You may want to reference this list to see if you live in a no-fault state:

  • Florida
  • Hawaii
  • Kansas
  • Kentucky
  • Massachusetts
  • Michigan
  • Minnesota
  • New Jersey
  • New York
  • North Dakota
  • Pennsylvania
  • Utah

When it comes to car insurance, a state is classified as either a no-fault state or a tort state.

In no-fault states, PIP pays out to cover your injuries after an accident regardless of fault. However, one or more drivers may still be responsible for covering property damage, and in several states, if certain conditions are met, you may be able to sue the at-fault driver for injury expenses.

In tort states, if you aren’t at-fault in an accident, you can choose to either wait for bodily injury liability from the other driver or use your own medical payments coverage.

Frequently asked questions

    • If a collision occurs and it is difficult to prove fault — or if fault is equally shared — a 50/50 car accident claim might be filed. This means that each driver would be covered by their own insurance policy.
    • Medical payments coverage is optional in most states. This coverage type pays out up to a certain coverage limit and covers a driver’s or passenger’s injuries, regardless of fault. Medical payments can also cover medical expenses if you’re a pedestrian hit by a car. In tort states, not-at-fault drivers could use this coverage to pay for medical expenses if they don’t want to wait for bodily injury liability from another driver to pay out.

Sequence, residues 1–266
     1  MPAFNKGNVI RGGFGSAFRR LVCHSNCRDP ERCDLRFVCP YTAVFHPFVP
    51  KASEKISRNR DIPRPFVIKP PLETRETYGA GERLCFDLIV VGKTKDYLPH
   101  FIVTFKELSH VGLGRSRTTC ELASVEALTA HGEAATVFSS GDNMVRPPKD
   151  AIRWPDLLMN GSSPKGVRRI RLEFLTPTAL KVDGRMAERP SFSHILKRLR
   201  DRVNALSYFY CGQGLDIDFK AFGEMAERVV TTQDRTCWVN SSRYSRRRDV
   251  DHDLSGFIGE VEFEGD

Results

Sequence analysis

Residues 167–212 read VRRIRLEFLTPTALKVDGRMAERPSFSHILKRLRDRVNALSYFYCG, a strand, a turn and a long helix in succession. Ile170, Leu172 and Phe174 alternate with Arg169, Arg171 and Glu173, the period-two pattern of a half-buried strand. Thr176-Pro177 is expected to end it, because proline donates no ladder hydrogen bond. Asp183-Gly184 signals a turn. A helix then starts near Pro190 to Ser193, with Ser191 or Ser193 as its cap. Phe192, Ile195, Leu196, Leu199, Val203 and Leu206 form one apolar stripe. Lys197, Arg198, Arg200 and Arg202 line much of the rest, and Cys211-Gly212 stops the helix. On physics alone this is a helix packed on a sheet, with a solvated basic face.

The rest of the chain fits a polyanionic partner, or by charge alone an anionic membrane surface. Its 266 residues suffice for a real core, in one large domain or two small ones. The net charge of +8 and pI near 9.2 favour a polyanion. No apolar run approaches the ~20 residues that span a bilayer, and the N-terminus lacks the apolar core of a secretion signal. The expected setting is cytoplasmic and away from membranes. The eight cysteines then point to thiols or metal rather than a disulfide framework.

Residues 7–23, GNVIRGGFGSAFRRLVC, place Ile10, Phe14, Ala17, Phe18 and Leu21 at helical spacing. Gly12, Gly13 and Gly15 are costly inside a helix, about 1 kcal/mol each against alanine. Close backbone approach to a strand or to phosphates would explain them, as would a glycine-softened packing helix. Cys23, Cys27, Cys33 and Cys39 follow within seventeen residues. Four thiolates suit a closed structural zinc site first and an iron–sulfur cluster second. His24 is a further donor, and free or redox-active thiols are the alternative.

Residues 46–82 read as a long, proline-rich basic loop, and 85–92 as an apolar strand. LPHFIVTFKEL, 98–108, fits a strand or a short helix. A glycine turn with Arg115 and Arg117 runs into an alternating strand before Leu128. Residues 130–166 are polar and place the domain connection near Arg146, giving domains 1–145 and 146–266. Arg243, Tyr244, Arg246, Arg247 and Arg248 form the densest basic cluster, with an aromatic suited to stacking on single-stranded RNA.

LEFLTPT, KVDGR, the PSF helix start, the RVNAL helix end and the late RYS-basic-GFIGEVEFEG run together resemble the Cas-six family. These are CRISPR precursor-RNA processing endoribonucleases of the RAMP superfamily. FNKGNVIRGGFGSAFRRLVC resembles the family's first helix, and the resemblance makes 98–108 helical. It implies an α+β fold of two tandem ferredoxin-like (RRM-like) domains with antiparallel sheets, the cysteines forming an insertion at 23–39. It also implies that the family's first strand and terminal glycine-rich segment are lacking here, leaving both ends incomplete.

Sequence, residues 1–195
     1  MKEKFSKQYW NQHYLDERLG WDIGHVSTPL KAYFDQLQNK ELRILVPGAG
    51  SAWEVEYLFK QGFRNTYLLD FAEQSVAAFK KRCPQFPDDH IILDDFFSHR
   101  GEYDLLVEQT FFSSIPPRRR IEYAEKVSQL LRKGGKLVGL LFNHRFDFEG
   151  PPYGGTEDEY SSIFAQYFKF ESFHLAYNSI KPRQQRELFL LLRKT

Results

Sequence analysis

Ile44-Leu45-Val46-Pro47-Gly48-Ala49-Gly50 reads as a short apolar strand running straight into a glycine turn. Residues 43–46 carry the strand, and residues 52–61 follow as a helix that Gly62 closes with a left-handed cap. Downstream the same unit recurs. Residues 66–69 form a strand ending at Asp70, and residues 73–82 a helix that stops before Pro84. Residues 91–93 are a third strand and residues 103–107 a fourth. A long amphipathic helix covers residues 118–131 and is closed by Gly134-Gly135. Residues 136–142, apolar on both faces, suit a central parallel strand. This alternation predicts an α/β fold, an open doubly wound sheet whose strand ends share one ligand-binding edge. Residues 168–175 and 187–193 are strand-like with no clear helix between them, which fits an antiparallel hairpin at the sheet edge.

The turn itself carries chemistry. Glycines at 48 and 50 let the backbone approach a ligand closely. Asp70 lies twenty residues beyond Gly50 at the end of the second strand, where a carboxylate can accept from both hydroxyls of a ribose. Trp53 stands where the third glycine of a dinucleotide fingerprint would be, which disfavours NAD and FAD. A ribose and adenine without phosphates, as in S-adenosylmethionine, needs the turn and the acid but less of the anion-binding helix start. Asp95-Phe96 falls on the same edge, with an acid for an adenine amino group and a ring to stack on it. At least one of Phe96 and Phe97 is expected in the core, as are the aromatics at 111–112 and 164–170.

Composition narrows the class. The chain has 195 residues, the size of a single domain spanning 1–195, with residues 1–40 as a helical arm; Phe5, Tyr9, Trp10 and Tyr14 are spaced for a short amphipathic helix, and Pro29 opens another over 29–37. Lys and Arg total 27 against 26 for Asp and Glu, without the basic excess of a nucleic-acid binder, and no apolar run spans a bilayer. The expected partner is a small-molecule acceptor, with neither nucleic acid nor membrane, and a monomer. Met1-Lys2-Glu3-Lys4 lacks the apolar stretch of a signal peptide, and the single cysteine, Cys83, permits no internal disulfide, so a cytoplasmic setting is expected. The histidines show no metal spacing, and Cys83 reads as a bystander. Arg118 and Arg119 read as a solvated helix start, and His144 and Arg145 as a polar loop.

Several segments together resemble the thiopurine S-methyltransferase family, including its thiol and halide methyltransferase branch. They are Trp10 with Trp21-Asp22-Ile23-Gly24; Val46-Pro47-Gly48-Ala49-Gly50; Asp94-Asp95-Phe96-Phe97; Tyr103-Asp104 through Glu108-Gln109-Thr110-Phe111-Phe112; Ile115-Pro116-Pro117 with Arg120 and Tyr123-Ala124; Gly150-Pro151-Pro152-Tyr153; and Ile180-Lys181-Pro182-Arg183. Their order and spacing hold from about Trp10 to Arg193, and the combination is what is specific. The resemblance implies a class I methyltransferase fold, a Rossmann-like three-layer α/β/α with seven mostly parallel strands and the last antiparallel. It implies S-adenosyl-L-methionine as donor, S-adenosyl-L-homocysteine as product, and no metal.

• The best car insurance company will be different for everyone depending on individual circumstances such as location, driving history and vehicle type. One way to find the best car insurance company is to speak to an independent insurance agent who can guide you to companies that offer your desired policy. Then, you can compare online quotes from multiple carriers to find the best rate. You may also want to take a look at available discounts from each company to see which ones apply to you.
    • To file a car insurance claim, you’ll want to gather necessary information such as the other driver’s vehicle and insurance information, contact information from witnesses and any photos you’ve taken. Then, you can typically file a claim online, on an app or over the phone. Speaking to a claims specialist can aid in this process.
    • The cost of car insurance varies greatly from person to person since insurance companies use a variety of personal factors to set rates. Plus, the cost of car insurance varies by state. However, to give you an idea, drivers pay an average of $2,542 per year for full coverage, which works out to $212 per month. Minimum coverage costs an average of $740 per year, which averages to $62 per month.